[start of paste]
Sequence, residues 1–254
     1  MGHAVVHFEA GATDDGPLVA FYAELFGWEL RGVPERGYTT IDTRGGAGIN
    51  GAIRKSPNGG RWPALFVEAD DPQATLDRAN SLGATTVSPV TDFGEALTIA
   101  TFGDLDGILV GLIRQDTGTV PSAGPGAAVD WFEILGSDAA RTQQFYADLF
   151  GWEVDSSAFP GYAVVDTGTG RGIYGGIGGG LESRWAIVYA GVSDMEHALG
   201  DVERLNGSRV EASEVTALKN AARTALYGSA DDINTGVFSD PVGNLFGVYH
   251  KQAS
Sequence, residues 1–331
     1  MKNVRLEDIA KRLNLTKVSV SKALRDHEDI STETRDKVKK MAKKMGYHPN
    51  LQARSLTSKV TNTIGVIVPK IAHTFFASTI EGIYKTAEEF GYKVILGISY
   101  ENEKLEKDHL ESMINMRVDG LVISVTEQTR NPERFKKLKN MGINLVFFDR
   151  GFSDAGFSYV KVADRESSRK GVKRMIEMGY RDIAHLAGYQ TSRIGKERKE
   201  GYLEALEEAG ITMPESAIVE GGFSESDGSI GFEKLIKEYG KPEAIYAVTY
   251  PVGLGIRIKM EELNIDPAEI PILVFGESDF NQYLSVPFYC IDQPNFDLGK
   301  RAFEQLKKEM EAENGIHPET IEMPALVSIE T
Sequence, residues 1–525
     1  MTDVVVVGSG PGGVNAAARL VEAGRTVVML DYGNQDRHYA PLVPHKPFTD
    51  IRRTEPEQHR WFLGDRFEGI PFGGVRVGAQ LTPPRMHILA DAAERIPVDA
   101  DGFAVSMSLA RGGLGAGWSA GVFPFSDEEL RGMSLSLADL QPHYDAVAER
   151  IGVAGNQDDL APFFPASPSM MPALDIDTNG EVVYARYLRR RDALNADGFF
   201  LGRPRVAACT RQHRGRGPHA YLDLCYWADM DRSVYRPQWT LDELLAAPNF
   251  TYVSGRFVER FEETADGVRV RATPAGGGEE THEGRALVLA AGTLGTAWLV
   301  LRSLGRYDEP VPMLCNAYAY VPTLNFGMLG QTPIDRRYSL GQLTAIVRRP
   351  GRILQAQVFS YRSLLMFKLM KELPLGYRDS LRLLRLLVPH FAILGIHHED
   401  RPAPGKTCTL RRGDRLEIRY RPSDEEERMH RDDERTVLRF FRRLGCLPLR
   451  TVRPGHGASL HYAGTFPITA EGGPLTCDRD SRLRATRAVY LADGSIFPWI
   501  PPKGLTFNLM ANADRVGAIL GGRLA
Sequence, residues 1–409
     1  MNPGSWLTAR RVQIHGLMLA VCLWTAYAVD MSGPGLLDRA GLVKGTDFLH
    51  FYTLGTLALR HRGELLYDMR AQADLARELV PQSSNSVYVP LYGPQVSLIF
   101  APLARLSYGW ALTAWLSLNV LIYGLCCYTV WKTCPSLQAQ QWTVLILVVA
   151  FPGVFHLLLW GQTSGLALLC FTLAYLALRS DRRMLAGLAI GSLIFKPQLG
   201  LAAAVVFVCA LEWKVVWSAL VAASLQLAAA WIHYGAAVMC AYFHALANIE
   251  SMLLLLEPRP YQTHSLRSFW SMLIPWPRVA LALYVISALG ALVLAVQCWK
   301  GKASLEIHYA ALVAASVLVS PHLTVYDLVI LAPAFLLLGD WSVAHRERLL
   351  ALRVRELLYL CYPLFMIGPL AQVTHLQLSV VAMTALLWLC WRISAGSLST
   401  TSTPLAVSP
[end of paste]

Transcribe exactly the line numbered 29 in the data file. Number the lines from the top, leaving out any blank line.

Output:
     1  MNPGSWLTAR RVQIHGLMLA VCLWTAYAVD MSGPGLLDRA GLVKGTDFLH